Leila Chatti writes intensely physical poems about faith, illness, and sex
The poetic vision of Deluge reconciles Muslim and Christian themes.
Leila Chatti, a Tunisian-American poet whose father was Muslim and mother Catholic, has written an astounding book of poems. Bold and provocative, Deluge presents intensely physical poems about faith, illness, and sex.
The title refers to the relentless deluge of blood Chatti experienced over two years from uterine tumors. This bleeding connects her intimately with the woman who touched Christ’s robe and was healed of her hemorrhage. But that comparison appears only once in the book. Instead, Mary, the only woman mentioned in the Qur’an, is the brooding presence behind all of the poems. She is the touchstone and God the ever present listener.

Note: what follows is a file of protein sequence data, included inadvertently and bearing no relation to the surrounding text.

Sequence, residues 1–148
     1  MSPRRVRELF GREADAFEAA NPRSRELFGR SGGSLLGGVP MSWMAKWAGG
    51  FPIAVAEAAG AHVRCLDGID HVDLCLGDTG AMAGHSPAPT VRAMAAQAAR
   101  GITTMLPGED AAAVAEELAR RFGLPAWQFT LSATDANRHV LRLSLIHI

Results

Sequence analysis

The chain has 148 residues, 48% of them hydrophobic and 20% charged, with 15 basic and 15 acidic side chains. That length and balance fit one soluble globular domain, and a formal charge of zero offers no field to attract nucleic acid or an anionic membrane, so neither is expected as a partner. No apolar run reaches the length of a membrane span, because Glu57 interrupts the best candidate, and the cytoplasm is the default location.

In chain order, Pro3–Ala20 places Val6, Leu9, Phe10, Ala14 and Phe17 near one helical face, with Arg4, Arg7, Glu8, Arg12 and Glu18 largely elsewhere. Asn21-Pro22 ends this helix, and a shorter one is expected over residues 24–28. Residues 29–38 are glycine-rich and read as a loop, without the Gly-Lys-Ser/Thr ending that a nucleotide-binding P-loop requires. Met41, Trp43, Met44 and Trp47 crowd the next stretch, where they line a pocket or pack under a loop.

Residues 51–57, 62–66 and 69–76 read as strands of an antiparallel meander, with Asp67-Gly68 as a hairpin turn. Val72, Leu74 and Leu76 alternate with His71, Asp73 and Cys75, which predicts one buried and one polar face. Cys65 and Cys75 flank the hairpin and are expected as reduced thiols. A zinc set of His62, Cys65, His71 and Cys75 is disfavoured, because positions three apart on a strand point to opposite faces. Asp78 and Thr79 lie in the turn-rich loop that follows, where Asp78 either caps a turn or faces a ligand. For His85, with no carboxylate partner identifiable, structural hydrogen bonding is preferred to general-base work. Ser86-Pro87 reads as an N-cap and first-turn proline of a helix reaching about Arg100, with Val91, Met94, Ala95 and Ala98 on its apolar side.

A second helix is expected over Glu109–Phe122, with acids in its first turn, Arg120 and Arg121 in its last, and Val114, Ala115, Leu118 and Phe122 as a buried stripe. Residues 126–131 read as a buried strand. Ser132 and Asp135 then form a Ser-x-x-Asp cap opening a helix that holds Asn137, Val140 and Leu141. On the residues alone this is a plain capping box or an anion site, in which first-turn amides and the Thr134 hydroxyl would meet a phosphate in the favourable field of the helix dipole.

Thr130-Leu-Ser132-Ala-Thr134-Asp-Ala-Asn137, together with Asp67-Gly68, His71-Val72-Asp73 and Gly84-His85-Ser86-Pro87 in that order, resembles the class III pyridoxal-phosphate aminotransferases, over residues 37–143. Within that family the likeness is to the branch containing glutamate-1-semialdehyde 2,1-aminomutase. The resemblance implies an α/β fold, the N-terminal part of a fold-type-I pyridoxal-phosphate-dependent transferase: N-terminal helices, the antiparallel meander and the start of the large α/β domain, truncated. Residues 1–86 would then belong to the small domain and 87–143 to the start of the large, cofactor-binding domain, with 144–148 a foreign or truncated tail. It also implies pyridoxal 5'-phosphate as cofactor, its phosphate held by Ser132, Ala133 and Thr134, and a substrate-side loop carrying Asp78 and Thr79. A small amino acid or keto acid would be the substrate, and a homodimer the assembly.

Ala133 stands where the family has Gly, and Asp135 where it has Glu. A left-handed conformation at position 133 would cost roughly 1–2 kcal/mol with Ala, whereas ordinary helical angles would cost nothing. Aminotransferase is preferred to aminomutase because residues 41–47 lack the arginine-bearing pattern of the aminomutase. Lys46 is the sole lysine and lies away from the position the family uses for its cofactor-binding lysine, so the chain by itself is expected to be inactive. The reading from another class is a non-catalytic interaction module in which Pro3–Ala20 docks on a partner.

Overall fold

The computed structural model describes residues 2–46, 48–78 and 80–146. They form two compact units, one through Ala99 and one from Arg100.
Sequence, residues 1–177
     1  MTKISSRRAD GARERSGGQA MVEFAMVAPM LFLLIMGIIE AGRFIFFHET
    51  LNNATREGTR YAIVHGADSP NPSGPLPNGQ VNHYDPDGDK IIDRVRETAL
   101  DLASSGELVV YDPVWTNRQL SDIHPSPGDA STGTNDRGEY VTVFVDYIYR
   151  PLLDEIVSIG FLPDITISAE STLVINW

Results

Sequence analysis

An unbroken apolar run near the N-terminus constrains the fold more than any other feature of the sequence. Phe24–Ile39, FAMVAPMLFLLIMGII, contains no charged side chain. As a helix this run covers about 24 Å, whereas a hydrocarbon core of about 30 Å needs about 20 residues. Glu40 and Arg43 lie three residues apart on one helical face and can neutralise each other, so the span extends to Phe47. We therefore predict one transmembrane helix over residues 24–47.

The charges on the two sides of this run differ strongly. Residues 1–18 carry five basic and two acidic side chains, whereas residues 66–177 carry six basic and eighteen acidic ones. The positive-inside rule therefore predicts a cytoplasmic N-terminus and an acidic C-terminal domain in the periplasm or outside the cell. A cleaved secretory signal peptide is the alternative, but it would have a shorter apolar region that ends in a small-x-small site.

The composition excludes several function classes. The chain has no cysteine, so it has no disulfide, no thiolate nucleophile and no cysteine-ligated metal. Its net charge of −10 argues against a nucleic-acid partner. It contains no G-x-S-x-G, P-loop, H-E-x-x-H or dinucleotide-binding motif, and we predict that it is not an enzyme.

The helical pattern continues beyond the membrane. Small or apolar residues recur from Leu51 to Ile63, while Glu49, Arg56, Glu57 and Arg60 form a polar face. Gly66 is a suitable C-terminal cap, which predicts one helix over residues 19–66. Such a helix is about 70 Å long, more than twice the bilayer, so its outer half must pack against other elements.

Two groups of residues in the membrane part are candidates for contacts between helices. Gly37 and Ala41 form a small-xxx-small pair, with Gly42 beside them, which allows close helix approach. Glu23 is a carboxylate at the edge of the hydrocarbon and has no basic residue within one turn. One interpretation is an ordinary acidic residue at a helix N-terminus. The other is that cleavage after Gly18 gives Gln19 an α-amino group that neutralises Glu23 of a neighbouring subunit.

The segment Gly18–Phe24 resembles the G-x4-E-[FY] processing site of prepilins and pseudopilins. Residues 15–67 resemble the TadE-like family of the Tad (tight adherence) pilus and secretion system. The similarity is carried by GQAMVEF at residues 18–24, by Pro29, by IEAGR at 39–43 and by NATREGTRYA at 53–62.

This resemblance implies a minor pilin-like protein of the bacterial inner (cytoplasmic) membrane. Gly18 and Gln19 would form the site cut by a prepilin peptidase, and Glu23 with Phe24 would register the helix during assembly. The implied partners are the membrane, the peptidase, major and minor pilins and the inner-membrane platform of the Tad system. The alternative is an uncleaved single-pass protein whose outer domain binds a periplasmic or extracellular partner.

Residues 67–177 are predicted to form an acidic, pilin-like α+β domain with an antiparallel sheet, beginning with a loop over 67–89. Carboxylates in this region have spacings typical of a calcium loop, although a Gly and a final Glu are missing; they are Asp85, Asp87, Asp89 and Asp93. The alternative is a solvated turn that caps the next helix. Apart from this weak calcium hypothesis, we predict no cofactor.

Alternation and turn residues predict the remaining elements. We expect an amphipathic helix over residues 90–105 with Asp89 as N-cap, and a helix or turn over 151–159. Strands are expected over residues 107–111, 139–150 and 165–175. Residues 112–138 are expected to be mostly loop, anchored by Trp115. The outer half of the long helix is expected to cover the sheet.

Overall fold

“Oh, I wish I had died before this and was in oblivion, forgotten.” These words attributed to Mary in the Qur’an form the epigraph for the first poem, which roots Chatti’s experience of pain and suffering in “this fiercer Mary who’d disappear / if it saved her, who’d howl to Hell / with salvation if it meant this pain . . . .” The poet is comforted by Mary’s humanity: